It Must Have Been The Roses lyrics by Grateful Dead, 1 meaning. It Must Have Been The Roses explained, official 2019 song lyrics | LyricsMode.com
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Grateful Dead – It Must Have Been The Roses lyrics
Annie laid her head down in the roses.
She had ribbons, ribbons, ribbons, in her long brown hair.
I don't know, maybe it was the roses,
All I know I could not leave her there.

I don't know, it must have been the roses,
The roses or the ribbons in her long brown hair.
I don't know, maybe it was the roses,
All I know I could not leave her there.

Ten years the waves roll the ships home from the sea,
Thinkin well how it may blow in all good company,
If I tell another what your own lips told to me,
Let me lay neath the roses, till my eyes no longer see.

I don't know, it must have been the roses,
The roses or the ribbons in her long brown hair.
I don't know, maybe it was the roses,
All I know I could not leave her there.

One pane of glass in the window,
No
one is complaining, no, come in and shut the door,
Faded is the crimson from the ribbons that she wore,
And its strange how no one comes round any more.

I don't know, it must have been the roses,
The roses or the ribbons in her long brown hair.
I don't know, maybe it was the roses,
All I know I could not leave her there.

Annie laid her head down in the roses.
She had ribbons, ribbons, ribbons, in her long brown hair.
I don't know, maybe it was the roses,
All I know I could not leave her there.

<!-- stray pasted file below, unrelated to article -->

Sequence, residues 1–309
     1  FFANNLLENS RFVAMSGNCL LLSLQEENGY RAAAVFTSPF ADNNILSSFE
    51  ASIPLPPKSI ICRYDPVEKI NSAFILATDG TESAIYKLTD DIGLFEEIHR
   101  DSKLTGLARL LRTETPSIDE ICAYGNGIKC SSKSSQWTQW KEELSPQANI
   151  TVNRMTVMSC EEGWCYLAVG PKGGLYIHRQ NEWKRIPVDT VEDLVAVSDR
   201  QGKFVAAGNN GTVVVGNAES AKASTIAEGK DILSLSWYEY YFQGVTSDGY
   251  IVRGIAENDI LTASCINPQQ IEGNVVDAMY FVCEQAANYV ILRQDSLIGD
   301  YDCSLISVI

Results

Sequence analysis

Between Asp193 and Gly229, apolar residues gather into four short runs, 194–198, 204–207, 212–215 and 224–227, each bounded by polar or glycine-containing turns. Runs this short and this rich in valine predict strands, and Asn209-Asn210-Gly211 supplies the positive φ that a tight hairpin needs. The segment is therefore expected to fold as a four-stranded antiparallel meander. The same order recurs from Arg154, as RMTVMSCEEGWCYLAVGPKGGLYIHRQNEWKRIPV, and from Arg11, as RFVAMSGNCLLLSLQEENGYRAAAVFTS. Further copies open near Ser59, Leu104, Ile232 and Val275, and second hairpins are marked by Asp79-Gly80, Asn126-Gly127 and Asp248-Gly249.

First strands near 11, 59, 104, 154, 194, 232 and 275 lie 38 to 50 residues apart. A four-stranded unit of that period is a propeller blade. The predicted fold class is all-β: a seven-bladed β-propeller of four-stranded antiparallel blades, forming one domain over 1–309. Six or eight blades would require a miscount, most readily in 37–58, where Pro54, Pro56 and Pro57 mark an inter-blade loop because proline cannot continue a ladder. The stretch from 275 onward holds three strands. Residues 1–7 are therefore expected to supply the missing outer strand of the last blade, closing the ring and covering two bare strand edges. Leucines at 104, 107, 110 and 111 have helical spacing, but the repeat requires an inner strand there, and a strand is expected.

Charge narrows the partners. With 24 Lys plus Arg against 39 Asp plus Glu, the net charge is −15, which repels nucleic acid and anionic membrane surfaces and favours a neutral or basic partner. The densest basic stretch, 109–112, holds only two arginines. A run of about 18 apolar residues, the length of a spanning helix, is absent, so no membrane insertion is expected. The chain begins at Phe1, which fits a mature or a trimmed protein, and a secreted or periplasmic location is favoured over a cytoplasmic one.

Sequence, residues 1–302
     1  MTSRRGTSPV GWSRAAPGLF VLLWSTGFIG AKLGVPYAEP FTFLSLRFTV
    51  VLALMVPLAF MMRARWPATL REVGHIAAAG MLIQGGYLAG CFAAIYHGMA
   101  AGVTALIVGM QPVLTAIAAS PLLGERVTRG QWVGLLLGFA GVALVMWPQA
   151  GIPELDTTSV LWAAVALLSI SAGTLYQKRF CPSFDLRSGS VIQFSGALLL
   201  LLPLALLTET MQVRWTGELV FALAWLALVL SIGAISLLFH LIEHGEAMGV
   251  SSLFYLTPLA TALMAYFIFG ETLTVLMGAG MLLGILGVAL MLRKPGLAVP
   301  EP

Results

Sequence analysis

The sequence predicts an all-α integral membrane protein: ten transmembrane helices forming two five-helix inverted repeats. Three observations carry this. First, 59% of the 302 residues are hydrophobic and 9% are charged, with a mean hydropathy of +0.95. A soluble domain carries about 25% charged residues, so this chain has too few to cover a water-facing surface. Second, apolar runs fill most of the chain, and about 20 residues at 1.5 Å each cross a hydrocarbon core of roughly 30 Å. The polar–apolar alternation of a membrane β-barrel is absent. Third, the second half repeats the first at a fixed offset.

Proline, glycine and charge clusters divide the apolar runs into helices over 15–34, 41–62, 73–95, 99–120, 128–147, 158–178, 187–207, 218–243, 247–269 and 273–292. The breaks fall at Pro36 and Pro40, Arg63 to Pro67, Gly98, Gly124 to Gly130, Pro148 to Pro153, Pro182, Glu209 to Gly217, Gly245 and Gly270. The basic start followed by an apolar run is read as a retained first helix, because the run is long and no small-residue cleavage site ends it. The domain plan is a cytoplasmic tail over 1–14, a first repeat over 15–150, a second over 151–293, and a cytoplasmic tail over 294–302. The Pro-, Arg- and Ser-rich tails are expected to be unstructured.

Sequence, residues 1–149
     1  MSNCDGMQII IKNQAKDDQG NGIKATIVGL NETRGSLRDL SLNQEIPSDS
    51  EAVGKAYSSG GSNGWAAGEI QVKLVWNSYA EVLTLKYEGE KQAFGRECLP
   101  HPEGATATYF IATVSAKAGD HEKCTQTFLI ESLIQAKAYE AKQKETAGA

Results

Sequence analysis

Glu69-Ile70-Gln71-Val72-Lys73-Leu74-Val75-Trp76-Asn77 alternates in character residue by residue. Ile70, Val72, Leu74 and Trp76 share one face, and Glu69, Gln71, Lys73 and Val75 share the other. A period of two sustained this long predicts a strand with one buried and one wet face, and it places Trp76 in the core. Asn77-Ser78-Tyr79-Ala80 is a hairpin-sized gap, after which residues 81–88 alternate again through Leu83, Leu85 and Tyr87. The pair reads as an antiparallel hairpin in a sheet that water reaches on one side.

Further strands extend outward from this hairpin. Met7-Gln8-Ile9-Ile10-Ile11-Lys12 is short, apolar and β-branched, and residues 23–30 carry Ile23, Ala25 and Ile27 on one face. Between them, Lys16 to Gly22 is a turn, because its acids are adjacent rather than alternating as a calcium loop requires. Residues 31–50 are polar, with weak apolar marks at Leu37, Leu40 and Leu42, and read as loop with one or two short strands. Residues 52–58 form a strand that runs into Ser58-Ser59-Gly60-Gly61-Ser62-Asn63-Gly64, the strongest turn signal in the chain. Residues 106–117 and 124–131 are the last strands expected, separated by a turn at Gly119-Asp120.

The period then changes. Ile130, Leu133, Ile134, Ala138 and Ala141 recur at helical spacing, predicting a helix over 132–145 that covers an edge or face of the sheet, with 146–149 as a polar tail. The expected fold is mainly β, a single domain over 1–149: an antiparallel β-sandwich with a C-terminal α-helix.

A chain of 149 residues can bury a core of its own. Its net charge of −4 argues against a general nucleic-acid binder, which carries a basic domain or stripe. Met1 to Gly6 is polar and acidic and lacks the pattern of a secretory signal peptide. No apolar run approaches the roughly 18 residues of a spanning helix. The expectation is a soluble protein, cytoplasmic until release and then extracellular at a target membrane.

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It Must Have Been The Roses meanings

  • g
    + 1
    gk2019
    I think this song illustrates the grateful dead folk tale - the narrator gave Annie a proper burial and after ten years at sea is explaining why he did what he did. Presumably Annie, who is living on her own in a remote farmhouse, is shot tending her roses. Who would willingly put their head down in the roses? Thorns. He explains why he couldn't leave the body there. To me he finds the body relatively well preserved - is it winter and she was killed bringing in the last roses of the season. That would explain why the ribbons would be faded but Annie's beauty still intact. Her husband was away fighting - my guess on the opposite side of the narrator who would not need to explain why he buried a woman on the same - likely Confederate side. He might have known her name as relatives and friends fought on opposite sides or he may have learned the name after he came back from sea. The tender way Jerry sings it to me indicates that he is talking to Annie's loved one or ones. Perhaps the husband who has been looking for her for ten years. She probably was buried in the rosebush of the house which is now derelict.
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    • g
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      gk2019
      I think this song illustrates the grateful dead folk tale - the narrator gave Annie a proper burial... Read more →

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